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connell and john boehner. can you help explain that? >> mitch mcconnell who runs the senate republican caucus, he's definitely playing the role of the bad cop in that he does not want to compromise at all on tax cuts, has taken a much more hard-line approach, has the bulk of his time talking to "the wall street journal" editorial page, basically speaking to the base. where you have speaker boehner talking in much more conciliatory tones and talking about getting a deal. i think that's going to be the dynamic. mitch mcconnell is up for re-election in 2014. in a very conservative state where it's not inconceivable the tea party would run somebody against him if he does not take a hard-line approach. people need to remember that as these negotiations unfold. for boehner, he wants a deal. i do want to comment a second on the interview you had with paul ryan. ryan might not think that there is a mandate, but the president does, congressional democrats do, and the public does, if you look at polling. and there's zero chance that the president is going to compromise on this, which is why i think there's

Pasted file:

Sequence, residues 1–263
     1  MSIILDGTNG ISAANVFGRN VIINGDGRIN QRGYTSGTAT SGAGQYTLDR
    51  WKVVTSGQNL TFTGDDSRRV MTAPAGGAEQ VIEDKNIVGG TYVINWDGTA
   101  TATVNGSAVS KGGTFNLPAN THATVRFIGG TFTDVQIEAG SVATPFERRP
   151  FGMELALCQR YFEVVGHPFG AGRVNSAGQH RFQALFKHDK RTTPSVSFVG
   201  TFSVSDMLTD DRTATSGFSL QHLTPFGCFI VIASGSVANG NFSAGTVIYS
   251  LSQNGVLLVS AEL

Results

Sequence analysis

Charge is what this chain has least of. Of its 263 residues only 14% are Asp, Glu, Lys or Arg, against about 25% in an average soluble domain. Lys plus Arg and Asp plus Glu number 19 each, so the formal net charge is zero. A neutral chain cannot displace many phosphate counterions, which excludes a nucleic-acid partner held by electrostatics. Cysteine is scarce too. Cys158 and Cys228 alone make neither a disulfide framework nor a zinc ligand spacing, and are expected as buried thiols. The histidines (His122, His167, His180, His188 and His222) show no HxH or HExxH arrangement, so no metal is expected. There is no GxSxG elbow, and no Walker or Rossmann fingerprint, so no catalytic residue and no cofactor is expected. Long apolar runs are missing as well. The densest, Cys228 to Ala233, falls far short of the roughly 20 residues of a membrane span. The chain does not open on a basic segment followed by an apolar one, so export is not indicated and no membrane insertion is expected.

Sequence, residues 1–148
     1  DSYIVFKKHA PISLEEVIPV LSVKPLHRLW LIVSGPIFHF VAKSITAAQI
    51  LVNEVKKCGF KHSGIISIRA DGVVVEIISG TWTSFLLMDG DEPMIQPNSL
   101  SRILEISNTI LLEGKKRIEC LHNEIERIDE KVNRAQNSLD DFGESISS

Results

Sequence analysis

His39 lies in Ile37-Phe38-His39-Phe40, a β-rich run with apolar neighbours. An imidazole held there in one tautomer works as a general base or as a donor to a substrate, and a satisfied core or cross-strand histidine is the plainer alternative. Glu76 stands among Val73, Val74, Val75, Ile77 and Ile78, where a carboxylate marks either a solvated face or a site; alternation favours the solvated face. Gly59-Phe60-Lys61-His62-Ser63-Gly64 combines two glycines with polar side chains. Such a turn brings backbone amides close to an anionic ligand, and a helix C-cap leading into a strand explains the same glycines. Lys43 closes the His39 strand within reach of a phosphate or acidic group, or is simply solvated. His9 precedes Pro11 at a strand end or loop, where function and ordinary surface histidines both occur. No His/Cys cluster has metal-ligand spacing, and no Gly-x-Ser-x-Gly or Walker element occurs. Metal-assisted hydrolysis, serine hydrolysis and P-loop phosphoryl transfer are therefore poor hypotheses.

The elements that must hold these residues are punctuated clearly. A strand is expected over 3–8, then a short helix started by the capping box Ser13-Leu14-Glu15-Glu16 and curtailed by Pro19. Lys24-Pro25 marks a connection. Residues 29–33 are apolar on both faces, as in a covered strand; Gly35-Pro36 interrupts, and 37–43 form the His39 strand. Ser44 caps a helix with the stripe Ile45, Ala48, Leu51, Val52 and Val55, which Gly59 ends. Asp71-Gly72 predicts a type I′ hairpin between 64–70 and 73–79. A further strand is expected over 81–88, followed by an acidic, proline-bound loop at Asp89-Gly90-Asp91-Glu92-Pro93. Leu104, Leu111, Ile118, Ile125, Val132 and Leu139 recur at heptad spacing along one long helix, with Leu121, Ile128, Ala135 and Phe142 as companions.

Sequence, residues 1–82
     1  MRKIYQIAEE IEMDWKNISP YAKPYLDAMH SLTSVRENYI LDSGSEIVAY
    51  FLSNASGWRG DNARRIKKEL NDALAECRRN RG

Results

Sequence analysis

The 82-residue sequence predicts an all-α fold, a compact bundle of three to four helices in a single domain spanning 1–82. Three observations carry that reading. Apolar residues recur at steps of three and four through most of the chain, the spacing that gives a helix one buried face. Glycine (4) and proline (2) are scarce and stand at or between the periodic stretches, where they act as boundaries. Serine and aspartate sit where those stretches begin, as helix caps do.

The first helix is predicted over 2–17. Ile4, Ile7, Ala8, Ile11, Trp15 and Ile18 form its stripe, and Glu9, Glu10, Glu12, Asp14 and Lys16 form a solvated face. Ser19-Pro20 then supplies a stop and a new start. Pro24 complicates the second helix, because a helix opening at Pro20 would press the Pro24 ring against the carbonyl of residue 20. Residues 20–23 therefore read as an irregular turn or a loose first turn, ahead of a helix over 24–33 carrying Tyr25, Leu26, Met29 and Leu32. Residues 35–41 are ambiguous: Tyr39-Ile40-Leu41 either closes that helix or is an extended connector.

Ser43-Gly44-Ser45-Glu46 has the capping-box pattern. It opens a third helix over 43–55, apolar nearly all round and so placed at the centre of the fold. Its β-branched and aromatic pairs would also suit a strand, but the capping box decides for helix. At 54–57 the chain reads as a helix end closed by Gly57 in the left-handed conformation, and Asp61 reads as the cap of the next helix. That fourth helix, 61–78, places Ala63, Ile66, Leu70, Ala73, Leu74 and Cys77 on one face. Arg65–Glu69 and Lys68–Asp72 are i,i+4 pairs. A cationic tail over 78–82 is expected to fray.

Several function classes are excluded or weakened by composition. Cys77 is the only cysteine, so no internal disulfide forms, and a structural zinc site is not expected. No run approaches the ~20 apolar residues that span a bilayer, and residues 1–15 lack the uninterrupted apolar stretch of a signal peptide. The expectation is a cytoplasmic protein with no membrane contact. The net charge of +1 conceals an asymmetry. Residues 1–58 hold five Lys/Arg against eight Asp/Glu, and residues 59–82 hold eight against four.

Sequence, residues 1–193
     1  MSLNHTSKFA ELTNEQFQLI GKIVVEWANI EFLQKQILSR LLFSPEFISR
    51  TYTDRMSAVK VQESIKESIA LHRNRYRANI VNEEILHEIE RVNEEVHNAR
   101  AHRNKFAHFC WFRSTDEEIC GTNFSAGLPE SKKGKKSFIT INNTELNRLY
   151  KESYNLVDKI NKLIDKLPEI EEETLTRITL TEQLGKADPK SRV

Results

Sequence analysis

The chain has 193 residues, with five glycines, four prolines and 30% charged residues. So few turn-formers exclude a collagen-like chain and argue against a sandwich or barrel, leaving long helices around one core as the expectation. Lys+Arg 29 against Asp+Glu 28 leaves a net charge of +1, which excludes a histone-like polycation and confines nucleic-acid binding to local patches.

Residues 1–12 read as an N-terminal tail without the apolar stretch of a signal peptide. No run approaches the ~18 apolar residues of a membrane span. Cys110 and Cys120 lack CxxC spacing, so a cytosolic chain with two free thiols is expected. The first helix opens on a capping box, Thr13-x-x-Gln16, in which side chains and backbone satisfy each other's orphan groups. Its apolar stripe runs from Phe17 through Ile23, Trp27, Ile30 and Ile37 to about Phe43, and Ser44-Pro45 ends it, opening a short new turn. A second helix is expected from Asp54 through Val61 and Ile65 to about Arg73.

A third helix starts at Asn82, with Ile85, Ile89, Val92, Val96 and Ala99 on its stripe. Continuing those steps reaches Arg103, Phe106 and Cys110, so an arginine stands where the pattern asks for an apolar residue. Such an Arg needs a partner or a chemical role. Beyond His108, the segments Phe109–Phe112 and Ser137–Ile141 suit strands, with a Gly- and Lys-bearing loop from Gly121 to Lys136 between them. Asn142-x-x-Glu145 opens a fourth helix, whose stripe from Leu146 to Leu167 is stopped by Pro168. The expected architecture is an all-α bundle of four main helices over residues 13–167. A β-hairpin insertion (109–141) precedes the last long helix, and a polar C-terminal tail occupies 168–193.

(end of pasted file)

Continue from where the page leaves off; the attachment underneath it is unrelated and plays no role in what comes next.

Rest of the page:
to be for raising taxes. but let's be clear. when john boehner says, i'm open to raising revenues, he had on the table a proposal to raise taxes. that's what it means when you're raising revenues. they can spin it any way they want, it's raising taxes by $800 billion. so the republican party, in a growing number of folks in the republican party, are on record for raising taxes. and they know the number's going to have to be above 800. that's the floor from last year. i think the actual number will be 1.2 which will be the middle ground between 800 and $1.6 trillion. you don't get to $1.2 trillion without either raising tax rates or changing how we tax investment, which is the reason that a lot of rich people end up paying a very low tax rate. people like mitt romney can pay an effective tax rate of 10% to 15% because so much of their income comes from long-term investment holdings. something has to give. you have to change those things if you want to raise that type of revenue. >> we've talked a lot about the tax side of this, but there's spending cuts that need to be dealt with. no one w
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